“Should the Democrats win the White House and the Senate come November, they will have to engage in a major project of norm erosion just to enact the most basic parts of their platform.” Considering “nothing will fundamentally change”, isn’t this meaningless? Isn’t this just manufacturing a story to cover the future inadequacies, excuses, and failures of the corporate democrats to intact anything of value to working people? You know, just like the Obama and Clinton administrations.

  5. franz November 2, 2020 at 1:55 pm | #

    I wonder if you establish a false antagonism between fascism and the constitution. Yes, the three institutions EC, the senate, and the courts are eminently undemocratic – and, as you say, at the same time constituional. But gonzo constitutionalism is an element of authoritarianism and fascism insofar as the constitution itself implies the sheer possibility of authoritarianism and fascism.
    The early Frankfurt School discusses in great length the relationship between capitalism, state (law) and fascism. Horkheimer famously said: “But whoever is not willing to talk about capitalism should also keep quiet about fascism.”
    From a dialectic perspective one can add: But whoever is not willing to talk about the liberal state (law, institutions, police, military, that is monopoly of violence) should also keep quiet about fascism. Its foundation is the antagonism between violence and law, between sovereignty and freedom (cf. Franz Neumann: “The Change in the Function of Law in Modern Society.” In: Zeitschrift für Sozialforschung. Jahrgang VI/1937, p. 542-596)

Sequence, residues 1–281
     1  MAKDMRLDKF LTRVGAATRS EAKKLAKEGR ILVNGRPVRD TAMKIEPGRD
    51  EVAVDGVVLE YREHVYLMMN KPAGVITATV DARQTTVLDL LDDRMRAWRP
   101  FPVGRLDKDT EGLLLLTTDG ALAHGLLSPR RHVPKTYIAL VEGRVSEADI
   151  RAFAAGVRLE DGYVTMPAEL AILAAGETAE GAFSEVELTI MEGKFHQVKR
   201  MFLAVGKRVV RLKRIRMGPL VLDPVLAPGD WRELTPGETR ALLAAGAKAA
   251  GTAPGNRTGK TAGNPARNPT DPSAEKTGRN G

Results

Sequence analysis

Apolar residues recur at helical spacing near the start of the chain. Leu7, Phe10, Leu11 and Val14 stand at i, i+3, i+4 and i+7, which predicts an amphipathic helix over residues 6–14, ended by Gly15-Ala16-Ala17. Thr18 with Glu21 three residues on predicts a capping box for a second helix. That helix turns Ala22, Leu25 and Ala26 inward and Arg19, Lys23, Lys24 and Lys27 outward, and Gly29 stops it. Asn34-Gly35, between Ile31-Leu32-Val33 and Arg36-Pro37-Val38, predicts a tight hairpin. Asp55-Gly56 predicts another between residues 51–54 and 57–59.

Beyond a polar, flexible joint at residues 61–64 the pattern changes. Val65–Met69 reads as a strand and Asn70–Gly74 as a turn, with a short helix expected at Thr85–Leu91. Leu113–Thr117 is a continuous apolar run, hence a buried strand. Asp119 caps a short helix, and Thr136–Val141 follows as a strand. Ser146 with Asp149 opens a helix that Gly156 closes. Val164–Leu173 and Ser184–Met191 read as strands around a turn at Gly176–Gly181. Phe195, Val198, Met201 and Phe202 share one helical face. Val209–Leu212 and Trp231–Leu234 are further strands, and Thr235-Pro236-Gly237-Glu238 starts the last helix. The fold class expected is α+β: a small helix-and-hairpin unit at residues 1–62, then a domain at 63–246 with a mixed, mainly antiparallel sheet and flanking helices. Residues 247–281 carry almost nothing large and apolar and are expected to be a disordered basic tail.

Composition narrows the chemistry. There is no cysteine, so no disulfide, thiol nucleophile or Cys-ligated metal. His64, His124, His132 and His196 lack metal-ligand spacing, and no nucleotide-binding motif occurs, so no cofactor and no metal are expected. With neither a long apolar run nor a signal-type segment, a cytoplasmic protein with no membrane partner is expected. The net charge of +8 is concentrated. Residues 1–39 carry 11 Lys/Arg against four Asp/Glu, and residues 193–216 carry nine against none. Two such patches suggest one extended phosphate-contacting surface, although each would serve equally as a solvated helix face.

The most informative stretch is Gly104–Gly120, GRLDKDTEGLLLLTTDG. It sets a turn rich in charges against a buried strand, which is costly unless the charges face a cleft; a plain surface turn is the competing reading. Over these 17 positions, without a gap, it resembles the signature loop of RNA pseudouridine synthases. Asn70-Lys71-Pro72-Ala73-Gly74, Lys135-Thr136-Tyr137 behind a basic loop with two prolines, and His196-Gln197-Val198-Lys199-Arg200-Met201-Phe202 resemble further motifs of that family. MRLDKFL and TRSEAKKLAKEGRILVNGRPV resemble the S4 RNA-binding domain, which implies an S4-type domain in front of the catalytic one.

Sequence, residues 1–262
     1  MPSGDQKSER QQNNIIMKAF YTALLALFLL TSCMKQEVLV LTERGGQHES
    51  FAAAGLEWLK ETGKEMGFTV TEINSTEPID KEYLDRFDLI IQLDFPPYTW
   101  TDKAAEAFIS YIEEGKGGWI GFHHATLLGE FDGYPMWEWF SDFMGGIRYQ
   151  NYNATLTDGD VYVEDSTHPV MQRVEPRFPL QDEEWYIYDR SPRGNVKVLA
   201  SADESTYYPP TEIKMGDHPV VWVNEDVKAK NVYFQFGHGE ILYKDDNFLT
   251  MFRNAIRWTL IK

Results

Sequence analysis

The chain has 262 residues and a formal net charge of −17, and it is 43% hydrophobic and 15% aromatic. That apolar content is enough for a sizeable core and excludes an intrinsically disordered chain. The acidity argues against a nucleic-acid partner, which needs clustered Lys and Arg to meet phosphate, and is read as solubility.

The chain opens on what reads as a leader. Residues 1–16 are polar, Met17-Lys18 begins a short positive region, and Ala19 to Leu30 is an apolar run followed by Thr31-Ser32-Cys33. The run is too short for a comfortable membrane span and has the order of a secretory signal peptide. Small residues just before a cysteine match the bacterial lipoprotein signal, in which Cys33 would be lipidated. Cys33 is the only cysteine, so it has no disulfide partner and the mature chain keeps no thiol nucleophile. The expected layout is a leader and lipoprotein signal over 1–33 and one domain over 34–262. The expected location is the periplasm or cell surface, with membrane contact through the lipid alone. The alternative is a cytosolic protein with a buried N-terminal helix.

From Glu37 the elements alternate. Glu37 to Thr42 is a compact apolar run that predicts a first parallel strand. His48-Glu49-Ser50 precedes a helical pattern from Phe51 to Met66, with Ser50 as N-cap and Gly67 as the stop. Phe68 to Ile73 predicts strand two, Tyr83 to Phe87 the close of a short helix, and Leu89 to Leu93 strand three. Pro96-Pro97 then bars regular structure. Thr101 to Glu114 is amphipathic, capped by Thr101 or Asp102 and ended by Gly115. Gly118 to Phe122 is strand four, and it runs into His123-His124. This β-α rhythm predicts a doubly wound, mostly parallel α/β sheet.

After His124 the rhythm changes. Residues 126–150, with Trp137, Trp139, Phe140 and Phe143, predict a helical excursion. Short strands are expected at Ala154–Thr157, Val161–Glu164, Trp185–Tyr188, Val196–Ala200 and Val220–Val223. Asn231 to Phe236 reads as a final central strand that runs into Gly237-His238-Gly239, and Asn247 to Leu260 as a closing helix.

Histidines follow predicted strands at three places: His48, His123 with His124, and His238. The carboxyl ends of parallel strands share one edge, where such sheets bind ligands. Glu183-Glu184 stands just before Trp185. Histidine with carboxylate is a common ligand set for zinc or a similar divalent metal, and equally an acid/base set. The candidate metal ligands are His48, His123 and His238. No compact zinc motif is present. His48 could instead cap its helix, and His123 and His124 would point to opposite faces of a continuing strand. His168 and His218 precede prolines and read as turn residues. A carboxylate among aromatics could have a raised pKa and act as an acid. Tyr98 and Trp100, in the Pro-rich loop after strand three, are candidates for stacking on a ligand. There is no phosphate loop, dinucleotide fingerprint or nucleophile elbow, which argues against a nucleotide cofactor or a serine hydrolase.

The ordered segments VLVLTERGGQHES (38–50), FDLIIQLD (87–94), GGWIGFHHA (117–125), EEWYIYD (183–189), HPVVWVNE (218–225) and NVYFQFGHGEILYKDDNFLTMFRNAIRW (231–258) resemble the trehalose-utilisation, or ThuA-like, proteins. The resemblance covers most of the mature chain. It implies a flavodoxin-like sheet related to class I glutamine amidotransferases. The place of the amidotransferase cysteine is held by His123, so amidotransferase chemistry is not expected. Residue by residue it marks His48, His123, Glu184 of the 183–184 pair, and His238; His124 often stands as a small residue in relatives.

6. franz November 3, 2020 at 3:23 am | #

    I wonder if you establish a false antagonism between fascism and the constitution. Yes, the three institutions the EC, the senate, and the courts are eminently undemocratic – and, as you say, at the same time constituional. But gonzo constitutionalism is an element of authoritarianism and fascism insofar as the constitution itself implies the sheer possibility of authoritarianism and fascism.
    The early Frankfurt School discusses in great length the relationship between capitalism, state (law) and fascism. Horkheimer famously said: “But whoever is not willing to talk about capitalism should also keep quiet about fascism.”
    From a dialectic perspective one can add: But whoever is not willing to talk about the liberal state (law, institutions, police, military, that is monopoly of violence) should also keep quiet about fascism. Its foundation is the antagonism between violence and law, between sovereignty and freedom (cf. Franz Neumann: “The Change in the Function of Law in Modern Society.” In: Zeitschrift für Sozialforschung. Jahrgang VI/1937, p. 542-596)

  7. mark November 7, 2020 at 4:51 am | #

    1752 Denis Diderot coins ‘general will’ concept.